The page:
“The mayor earlier said that Denver is getting a reputation around the world,” Montgomery said. “And I’ll tell you, you have a reputation in my city, Vancouver. Last year, we decided not to pay a little bit more per citizen per year to have a great transit system. And so I was so excited to arrive yesterday and take the ‘A’ train right into Union station — even though a lot of people said, ‘Don’t do it’… And I’m told, if I take the train back to the airport tonight, I might miss my plane.”

He applauded Seattle’s newest light rail lines, which drop passengers off in walkable areas with lots of things to do, but warned against “what Dallas did, which built this huge light rail network to nowhere and they saw their ridership go down.” Walkability around RTD’s stations, even its new ones, isn’t always great, but Montgomery praised the walkability and activity around Union Station.

“We have an overwhelming amount of evidence to show that those connections — positive connections of any kind — they’re good for our souls, they’re good for our health, they’re good for the economy,” Montgomery said. “And we have evidence to show that the way we build places can draw us together or push us apart. So we believe that if we build for happiness, and specifically if we build for social connections, we can create cities that are healthier, happier, more resilient, fairer, cities that actually bring out the best in us. And I’ve been seeing in Denver how you’ve begun that journey, and look forward to hearing how all of you plan to continue it.”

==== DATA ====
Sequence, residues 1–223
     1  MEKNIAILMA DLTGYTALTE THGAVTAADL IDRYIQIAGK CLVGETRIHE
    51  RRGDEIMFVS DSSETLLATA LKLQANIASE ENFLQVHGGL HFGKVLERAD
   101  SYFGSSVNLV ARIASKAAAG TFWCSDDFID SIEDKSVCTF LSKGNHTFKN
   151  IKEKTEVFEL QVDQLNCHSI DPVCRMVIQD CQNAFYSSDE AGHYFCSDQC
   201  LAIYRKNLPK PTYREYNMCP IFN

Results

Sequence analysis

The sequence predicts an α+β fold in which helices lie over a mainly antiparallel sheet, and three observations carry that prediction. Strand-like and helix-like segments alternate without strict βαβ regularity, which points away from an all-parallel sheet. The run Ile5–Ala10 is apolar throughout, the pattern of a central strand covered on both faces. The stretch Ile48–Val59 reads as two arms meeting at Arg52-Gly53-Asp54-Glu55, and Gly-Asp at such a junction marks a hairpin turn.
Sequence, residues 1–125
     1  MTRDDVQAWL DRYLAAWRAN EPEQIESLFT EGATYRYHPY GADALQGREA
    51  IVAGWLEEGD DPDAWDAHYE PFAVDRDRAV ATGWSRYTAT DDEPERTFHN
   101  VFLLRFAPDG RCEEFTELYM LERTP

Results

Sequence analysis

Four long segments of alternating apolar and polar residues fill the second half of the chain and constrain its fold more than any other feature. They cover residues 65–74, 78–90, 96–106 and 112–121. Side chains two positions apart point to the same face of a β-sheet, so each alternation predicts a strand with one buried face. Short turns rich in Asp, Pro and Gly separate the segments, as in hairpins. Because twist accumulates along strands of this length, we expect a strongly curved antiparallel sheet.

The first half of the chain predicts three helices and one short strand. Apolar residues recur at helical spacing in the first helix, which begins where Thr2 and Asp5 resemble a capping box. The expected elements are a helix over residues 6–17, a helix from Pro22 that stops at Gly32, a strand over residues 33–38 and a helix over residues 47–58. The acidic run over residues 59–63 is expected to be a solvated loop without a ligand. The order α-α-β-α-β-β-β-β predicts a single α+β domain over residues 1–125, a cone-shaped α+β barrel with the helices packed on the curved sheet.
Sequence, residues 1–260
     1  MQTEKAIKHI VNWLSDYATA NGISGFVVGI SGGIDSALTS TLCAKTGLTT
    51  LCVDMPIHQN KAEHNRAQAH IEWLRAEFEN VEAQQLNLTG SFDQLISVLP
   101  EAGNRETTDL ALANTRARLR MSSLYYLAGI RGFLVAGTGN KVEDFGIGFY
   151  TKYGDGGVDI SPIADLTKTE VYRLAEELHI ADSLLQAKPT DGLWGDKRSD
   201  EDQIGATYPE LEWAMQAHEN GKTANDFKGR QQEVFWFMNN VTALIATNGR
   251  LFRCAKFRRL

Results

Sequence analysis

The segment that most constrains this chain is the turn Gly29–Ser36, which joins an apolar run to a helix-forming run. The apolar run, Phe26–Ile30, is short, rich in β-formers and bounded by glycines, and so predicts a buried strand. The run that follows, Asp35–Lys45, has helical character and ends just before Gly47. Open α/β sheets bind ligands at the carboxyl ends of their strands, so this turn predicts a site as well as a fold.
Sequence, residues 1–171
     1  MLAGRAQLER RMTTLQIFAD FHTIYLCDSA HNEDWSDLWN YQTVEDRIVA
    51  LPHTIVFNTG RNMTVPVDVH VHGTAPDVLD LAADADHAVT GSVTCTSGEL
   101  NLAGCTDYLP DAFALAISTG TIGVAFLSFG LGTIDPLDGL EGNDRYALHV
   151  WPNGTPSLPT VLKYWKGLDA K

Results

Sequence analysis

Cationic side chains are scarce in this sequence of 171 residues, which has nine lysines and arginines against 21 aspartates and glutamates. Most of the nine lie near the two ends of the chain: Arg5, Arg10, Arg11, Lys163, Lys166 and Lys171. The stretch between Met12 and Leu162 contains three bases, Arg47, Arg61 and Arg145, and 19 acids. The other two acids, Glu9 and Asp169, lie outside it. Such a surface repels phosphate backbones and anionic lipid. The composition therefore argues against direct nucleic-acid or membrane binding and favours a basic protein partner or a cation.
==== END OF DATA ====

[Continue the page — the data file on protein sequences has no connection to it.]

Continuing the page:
• TakeFive

    Did Mr. “Happy City” Charles Montgomery happen to mention that people who live in the suburbs and rural areas are much happier than those who live in urban areas – at least according to Richard Florida’s/CitLab reporting?

    Did Mr. Montgomery happen to mention that RTD’s A (and G) lines are the first new-build rail lines in the U.S. to employ PTC? You also have ” Freight corridor crossings + CRT corridor crossings + adjacent intersection signals + rest of PTC elements all controlled by one system (H/T Plansit). Partly as a result of this, RTD received over One $Billion for their troubles. The good and the bad in a next gen software world is that when the software is buggy it’s not so much fun. The good part is that coders are busy trying to debug the software as software is both fixable and updatable.

    The latest Seattle line that he swoons over is indeed a good one. It’s also fair to point out that this Link LRT line cost over $600 million per mile (per Yonah Freemark/Transport Politic) and I’d guess that his own Vancover system cost 4-5 times as much per mile as Denver’s (although I’m too lazy to check TransportPolitic). For the record RTD will spend ~$58 million per mile for all of Fastracks currently under construction. Put that in your pipe and smoke it.

  • C Nexus

    Well we definitely have more of a Dallas system than a Seattle or Vancouver system.